Road Bike, Cycling Forums banner
1 - 14 of 14 Posts

·
Registered
Joined
·
843 Posts
Discussion Starter · #1 · (Edited)
OK, so I've been trying to decide if I should post these pictures and do some kind of ride report. And I guess tonight's the night.

I rode as mechanical support for the first 2 days of the Missouri DNR's ride across MO on the KATY trail. The KATY is a rail/trail that currently stretches from St. Charles MO (just W of St. Louis) to Clinton MO (SE of Kansas City). This year the ride went from West to East, so we started at a convention center in Clinton. We had about 350 participants this year including a group of inner city middle-school kids that were in a cool program that gave them bikes and some training before the ride. I had to include the first shot. It shows a little of the flavor of the area. I hadn't intended to be in the next shot, but a rider was kind enough to take it, so I couldn't decline. It was flat (railroad grades don't usually exceed 3%), dusty and hot. Fortunately there were some really nice "green-tunnels" as my son calls them.
 

·
Registered
Joined
·
843 Posts
Discussion Starter · #2 ·
The first day was about 61 miles and we stopped the first night at a little town called Pilot Grove. They had us set up in the city park, and a few of the ladies from town made a really nice meal for the lot of us. My wife and son came out for a short visit that afternoon and he helped me with some tube changes for a while. The next day dawned hot and humid with about 62 miles ahead of us. I enjoyed the ride with the limitations I was given; wait until everyone was gone in the AM, ride pretty much in the back and ride through the heat of the day (upper 90's with 90% humidity). I got to talk to some interesting people and saw some interesting sights - people riding with their small dogs in trailers behind them or coolers with things like beer and watermelons??? I really felt sorry for the dogs. Anyway I had a nephew's wedding to go to or I'd have ridden the whole thing. Maybe next time. So we rode over I70 once, under I70 once and over the Missouri river once during my 2 days.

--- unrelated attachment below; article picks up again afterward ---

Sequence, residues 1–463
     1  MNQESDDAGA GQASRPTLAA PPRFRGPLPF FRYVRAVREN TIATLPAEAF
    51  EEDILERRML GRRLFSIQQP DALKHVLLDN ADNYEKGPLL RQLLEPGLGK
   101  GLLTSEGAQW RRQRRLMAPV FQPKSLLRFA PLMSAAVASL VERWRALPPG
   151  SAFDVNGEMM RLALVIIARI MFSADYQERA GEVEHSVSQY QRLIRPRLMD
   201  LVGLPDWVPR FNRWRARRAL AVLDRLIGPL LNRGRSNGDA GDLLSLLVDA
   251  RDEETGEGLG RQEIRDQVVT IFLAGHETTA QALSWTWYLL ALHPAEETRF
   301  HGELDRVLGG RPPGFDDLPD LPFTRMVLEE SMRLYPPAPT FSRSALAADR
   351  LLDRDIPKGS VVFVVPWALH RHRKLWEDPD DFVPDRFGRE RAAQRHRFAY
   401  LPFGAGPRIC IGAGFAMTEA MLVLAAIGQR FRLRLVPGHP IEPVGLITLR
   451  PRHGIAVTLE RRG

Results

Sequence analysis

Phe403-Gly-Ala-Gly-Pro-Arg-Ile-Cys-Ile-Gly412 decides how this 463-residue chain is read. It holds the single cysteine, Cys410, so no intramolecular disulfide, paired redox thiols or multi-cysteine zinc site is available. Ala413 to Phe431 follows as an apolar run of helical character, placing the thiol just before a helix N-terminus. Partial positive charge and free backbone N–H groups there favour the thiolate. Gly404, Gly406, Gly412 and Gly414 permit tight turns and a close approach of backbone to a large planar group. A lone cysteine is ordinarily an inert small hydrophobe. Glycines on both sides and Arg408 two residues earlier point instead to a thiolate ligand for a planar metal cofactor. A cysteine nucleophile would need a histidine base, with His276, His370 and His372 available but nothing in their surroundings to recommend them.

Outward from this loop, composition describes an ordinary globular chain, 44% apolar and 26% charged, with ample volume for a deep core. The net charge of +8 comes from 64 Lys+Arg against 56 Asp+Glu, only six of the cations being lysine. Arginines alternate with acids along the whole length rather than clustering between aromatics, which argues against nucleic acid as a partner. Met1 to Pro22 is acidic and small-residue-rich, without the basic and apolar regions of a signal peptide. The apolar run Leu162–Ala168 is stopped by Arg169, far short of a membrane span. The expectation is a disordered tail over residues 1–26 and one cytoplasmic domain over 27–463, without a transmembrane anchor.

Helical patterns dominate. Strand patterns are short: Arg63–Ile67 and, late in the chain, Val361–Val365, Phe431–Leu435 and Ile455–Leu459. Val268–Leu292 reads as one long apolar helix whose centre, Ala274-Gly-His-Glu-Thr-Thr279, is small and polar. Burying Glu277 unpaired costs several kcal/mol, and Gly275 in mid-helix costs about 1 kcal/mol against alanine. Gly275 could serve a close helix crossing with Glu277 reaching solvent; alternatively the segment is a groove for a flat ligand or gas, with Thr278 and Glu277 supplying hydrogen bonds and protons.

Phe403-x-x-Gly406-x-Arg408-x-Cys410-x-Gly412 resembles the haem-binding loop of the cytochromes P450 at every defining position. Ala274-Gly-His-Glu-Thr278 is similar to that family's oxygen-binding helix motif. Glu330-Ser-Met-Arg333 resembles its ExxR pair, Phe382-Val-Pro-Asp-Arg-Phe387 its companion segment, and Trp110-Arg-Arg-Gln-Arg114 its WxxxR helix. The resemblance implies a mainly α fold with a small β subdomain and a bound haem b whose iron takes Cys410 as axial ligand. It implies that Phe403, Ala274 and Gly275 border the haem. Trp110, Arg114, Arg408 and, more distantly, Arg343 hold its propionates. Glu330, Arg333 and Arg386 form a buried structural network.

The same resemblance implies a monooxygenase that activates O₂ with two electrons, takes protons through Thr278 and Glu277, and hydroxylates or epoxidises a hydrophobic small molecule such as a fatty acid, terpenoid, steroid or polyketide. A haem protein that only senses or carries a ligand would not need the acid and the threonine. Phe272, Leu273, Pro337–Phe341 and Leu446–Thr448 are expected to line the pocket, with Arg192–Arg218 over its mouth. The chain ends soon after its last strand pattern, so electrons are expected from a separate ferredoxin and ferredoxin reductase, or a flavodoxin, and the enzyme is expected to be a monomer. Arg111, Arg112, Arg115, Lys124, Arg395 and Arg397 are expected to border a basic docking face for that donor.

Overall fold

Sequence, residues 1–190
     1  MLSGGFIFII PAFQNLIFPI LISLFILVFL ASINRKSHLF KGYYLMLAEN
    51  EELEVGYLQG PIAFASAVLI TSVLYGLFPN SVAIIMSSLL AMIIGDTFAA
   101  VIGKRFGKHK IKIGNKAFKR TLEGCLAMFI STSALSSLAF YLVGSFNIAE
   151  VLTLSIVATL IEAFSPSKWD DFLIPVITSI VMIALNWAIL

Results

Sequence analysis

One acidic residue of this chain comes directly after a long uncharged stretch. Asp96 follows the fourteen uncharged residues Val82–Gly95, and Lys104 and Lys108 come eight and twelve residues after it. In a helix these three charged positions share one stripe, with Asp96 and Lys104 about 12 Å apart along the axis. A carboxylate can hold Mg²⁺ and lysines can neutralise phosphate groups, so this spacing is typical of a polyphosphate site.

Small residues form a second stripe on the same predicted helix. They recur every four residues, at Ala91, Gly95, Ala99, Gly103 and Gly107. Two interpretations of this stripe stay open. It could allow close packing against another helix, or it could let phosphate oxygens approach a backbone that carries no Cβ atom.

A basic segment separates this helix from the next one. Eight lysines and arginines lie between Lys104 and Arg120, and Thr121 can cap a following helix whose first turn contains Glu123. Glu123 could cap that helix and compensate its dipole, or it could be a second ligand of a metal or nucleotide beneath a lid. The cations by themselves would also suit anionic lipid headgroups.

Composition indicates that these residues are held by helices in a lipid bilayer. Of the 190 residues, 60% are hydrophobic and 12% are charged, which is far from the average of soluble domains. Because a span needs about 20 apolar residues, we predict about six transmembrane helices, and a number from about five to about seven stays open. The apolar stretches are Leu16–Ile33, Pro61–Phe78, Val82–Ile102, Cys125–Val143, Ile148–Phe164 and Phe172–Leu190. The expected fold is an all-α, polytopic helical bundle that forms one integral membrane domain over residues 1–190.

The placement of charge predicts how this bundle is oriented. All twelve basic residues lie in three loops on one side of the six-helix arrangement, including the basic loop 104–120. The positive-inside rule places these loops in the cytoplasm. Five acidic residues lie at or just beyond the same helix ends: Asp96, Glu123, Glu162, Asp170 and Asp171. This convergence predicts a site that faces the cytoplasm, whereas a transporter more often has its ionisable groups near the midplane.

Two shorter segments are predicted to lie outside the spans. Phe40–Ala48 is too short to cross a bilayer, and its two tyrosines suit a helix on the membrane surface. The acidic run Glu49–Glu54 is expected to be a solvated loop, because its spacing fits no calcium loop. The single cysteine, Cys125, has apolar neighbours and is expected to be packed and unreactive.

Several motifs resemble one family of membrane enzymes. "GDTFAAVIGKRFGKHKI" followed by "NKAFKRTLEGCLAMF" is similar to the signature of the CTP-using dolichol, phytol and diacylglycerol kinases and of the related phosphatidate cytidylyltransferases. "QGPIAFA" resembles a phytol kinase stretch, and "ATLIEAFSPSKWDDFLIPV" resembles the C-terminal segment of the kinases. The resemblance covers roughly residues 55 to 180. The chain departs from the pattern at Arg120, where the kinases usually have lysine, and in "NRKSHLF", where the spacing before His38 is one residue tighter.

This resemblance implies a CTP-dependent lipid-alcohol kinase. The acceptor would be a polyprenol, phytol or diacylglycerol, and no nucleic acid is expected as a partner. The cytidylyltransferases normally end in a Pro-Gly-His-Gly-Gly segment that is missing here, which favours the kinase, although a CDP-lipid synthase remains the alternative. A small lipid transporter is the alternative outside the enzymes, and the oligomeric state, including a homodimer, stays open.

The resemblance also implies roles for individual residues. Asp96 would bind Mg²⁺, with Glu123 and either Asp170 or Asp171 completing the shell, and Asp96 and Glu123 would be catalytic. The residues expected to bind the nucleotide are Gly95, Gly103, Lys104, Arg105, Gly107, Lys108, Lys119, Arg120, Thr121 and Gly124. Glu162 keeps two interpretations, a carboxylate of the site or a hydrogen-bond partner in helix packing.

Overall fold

·
Registered
Joined
·
843 Posts
Discussion Starter · #4 ·
The KATY trail runs beside the Missouri river for a few stretches and provides some pretty views. There are also bluffs along parts of the trail, some more than 100' tall with vines growing down them. There were several places I would be riding along and a gust of cool air would hit me and I would realize that there was a cave entrance behind some of those Trumpet vines and trees. Day 2 ended at a city park in Jefferson City (the state capitol). From there the ride/trail continues on through old German settlement areas and the next night was spent in a neat town by the river called Herman. There are several wineries there, many good German restaurants and they have a great Oktoberfest later in the year. Hmmmmm, beer! Then on to St. Charles. But I had to leave the ride and didn't get to partake of any of that. Again, maybe next time...
 

·
Registered
Joined
·
843 Posts
Discussion Starter · #5 ·
Actually it's (rac)**** hunting. They use various hounds, sometimes a headlight mounted on a hat and shoot them out of the trees. I guess it's considered "sport". I can't imagine they would want to eat them. I understand the meat is really greasy and not all that tasty. Unlike venison or various game birds. Then again I knew people who hunted squirrels of all things. They cooked and ate them too. I tried it once. Not my idea of a good source of meat, a little too small. By the same token I don't like wasting time with crab legs when for almost the same cost you can get lobster...